March 6, 2013

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»We are Taiwanese, not Chinese«


I spotted these banners a short while ago near Zhongxiao Fuxing MRT Station in Taipei. I don't know how long they are displayed up there, but judging by how worn-out the color is on the smaller one on the right, it must be for a long while. The bigger one in Chinese looks newer and I'm very curious about how they managed to put it up there. It says "台灣人不是中國人" ("Taiwanese are not Chinese"). The term "Chinese" is here most likely related to "nationals of the People's Republic of China", not "Chinese" in the ethnic sense, although it can also mean the latter in some cases (read more).

Taiwan, unlike China, guarantees freedom of speech and freedom of expression. The people behind these banners are either very patriotic citizens, or part of the Taiwan independence movement (or Taidu, 臺獨). They are well aware, that if they were living in China right now, this banner would most likely be taken down, the people behind it questioned, and most probably to disappear in one of the numerous labor camps across the country for an unknown period of time. Now you may agree or disagree with the statement on the banners (that depends on your political convictions), nevertheless I am sure that you'll not contest the statement, that freedom of expression and freedom of speech are universal values, that must be cherished and preserved for future generations. Keep in mind, that these freedoms are rather an exception in the region, which makes Taiwan's young and often fragile democracy so much more significant.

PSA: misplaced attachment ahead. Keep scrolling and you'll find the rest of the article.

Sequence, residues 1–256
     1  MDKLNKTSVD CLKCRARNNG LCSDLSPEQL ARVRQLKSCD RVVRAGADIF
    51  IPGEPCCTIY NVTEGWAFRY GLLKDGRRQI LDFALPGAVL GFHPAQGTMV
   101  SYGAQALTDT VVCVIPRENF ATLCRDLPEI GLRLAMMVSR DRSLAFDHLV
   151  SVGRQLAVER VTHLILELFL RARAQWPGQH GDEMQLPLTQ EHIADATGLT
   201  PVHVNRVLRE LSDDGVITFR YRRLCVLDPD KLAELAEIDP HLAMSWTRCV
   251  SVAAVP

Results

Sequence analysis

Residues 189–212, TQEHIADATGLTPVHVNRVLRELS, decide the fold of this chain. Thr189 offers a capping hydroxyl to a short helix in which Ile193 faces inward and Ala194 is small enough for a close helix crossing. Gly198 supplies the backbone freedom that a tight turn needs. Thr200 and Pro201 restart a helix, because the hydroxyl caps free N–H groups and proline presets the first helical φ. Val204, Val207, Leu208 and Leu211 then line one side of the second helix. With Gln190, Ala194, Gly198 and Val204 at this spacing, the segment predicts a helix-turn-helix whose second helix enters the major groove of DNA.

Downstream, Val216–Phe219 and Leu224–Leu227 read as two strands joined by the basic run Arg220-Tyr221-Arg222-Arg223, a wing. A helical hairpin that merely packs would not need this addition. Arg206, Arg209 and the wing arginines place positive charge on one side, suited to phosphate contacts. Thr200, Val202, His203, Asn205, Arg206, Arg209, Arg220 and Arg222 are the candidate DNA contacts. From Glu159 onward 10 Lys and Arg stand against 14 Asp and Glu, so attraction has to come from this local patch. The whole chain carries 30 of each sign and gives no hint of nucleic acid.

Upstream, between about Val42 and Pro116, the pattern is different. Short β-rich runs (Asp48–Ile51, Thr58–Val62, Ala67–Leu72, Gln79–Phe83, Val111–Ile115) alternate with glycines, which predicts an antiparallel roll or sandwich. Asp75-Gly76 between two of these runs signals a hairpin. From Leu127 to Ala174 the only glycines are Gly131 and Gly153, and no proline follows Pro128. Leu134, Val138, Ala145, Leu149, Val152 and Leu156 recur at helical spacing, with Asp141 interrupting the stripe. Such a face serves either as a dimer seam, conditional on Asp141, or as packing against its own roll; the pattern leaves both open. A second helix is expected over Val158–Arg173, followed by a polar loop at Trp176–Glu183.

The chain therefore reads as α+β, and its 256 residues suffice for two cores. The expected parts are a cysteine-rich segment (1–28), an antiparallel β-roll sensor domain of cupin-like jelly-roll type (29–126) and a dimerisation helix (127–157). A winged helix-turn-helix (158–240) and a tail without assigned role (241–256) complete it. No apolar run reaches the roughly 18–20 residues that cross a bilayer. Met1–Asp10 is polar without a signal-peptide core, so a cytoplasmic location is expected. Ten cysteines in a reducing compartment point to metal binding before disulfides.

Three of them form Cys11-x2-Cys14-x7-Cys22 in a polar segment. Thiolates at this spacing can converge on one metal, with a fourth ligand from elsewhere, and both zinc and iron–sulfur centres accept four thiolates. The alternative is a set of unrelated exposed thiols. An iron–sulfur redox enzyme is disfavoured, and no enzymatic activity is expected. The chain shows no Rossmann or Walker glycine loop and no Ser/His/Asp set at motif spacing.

12 comments:

  1. I for one fully support the right of the people of Taiwan to be a de jure as well as a de facto independent nation. However, as I think I mentioned when we met up in Taipei during my visit there, the PRC government has indoctrinated its people from childhood onward that Taiwan belongs to the mainland. In doing so, they have basically painted themselves into a corner because it means that no PRC leader could ever concede independence for Taiwan. There would be mass rioting in the major cities of China if such a thing were ever proposed.

    It all boils down to the ridiculous notion that there can be only "one China" and that it should be the mission of every Chinese government to achieve that goal. Every year, the number of people in Taiwan who lived under a government on the mainland grows smaller and smaller. The vast majority of Taiwanese have lived their entire lives without being ruled by the mainland and it should be their decision who rules them.